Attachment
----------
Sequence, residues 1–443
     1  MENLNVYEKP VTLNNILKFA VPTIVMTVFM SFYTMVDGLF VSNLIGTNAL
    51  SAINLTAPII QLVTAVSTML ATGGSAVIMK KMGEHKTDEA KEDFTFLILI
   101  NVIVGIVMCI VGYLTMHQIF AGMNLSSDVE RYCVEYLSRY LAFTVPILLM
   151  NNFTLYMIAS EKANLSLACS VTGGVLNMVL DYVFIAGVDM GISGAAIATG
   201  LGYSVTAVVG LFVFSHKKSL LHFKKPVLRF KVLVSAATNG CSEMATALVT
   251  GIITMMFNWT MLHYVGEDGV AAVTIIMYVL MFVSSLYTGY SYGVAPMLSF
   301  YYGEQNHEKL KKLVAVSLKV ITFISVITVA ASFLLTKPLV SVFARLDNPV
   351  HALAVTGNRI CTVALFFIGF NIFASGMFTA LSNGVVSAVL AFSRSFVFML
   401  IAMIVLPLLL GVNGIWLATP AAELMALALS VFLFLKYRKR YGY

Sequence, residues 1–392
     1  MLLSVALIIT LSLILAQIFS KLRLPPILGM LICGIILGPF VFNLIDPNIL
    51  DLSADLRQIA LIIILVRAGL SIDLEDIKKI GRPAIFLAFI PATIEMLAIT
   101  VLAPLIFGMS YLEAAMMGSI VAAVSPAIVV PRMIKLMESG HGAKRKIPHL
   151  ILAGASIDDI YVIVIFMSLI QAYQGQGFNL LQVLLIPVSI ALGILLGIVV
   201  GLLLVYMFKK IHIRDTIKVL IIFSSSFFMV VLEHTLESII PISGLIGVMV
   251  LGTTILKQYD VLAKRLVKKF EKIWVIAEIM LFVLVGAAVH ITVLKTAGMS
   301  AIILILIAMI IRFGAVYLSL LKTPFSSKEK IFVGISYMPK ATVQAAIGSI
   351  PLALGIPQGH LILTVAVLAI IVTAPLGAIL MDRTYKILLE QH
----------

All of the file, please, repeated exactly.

Sequence, residues 1–443
     1  MENLNVYEKP VTLNNILKFA VPTIVMTVFM SFYTMVDGLF VSNLIGTNAL
    51  SAINLTAPII QLVTAVSTML ATGGSAVIMK KMGEHKTDEA KEDFTFLILI
   101  NVIVGIVMCI VGYLTMHQIF AGMNLSSDVE RYCVEYLSRY LAFTVPILLM
   151  NNFTLYMIAS EKANLSLACS VTGGVLNMVL DYVFIAGVDM GISGAAIATG
   201  LGYSVTAVVG LFVFSHKKSL LHFKKPVLRF KVLVSAATNG CSEMATALVT
   251  GIITMMFNWT MLHYVGEDGV AAVTIIMYVL MFVSSLYTGY SYGVAPMLSF
   301  YYGEQNHEKL KKLVAVSLKV ITFISVITVA ASFLLTKPLV SVFARLDNPV
   351  HALAVTGNRI CTVALFFIGF NIFASGMFTA LSNGVVSAVL AFSRSFVFML
   401  IAMIVLPLLL GVNGIWLATP AAELMALALS VFLFLKYRKR YGY

Sequence, residues 1–392
     1  MLLSVALIIT LSLILAQIFS KLRLPPILGM LICGIILGPF VFNLIDPNIL
    51  DLSADLRQIA LIIILVRAGL SIDLEDIKKI GRPAIFLAFI PATIEMLAIT
   101  VLAPLIFGMS YLEAAMMGSI VAAVSPAIVV PRMIKLMESG HGAKRKIPHL
   151  ILAGASIDDI YVIVIFMSLI QAYQGQGFNL LQVLLIPVSI ALGILLGIVV
   201  GLLLVYMFKK IHIRDTIKVL IIFSSSFFMV VLEHTLESII PISGLIGVMV
   251  LGTTILKQYD VLAKRLVKKF EKIWVIAEIM LFVLVGAAVH ITVLKTAGMS
   301  AIILILIAMI IRFGAVYLSL LKTPFSSKEK IFVGISYMPK ATVQAAIGSI
   351  PLALGIPQGH LILTVAVLAI IVTAPLGAIL MDRTYKILLE QH